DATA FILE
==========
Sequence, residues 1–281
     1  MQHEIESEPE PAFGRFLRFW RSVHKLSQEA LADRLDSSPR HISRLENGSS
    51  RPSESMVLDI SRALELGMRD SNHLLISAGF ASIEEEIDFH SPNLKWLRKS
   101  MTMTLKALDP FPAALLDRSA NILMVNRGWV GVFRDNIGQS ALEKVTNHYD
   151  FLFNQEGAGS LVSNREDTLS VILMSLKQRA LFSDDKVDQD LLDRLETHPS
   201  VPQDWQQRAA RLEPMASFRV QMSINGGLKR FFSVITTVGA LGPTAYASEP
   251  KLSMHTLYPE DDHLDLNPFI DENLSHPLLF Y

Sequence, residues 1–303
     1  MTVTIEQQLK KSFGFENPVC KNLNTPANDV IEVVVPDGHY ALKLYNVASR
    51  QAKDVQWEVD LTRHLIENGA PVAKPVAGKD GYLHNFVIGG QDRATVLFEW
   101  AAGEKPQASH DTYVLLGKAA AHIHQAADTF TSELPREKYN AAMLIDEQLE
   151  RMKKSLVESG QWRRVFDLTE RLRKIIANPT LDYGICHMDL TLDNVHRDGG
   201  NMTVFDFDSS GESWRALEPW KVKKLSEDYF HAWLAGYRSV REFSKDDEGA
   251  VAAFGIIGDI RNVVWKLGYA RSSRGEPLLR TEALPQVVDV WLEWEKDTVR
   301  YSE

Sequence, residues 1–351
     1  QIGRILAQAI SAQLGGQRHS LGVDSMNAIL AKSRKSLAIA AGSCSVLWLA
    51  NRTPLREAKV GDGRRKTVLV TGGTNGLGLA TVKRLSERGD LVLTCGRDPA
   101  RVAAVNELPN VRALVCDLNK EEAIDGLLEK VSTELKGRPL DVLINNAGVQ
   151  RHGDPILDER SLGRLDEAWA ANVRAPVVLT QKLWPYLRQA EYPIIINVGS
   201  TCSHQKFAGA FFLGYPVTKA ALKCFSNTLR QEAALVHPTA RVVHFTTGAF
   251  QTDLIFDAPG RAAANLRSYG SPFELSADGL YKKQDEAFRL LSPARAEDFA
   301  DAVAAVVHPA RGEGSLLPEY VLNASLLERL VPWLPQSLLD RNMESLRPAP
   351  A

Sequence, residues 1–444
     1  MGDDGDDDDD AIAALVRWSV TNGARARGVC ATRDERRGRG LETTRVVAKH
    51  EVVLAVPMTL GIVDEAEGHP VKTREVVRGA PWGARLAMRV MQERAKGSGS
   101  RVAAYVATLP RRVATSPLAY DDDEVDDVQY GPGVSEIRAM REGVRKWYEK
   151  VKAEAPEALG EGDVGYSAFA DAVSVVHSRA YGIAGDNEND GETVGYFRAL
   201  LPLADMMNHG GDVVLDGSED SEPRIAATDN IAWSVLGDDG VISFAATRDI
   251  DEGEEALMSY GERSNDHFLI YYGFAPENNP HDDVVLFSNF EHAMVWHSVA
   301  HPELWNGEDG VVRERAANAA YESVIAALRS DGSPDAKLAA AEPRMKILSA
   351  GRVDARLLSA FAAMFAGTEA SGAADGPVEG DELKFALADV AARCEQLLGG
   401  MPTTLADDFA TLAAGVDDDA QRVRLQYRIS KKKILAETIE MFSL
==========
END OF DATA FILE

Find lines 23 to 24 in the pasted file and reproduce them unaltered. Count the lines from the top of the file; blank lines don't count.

   301  DAVAAVVHPA RGEGSLLPEY VLNASLLERL VPWLPQSLLD RNMESLRPAP
   351  A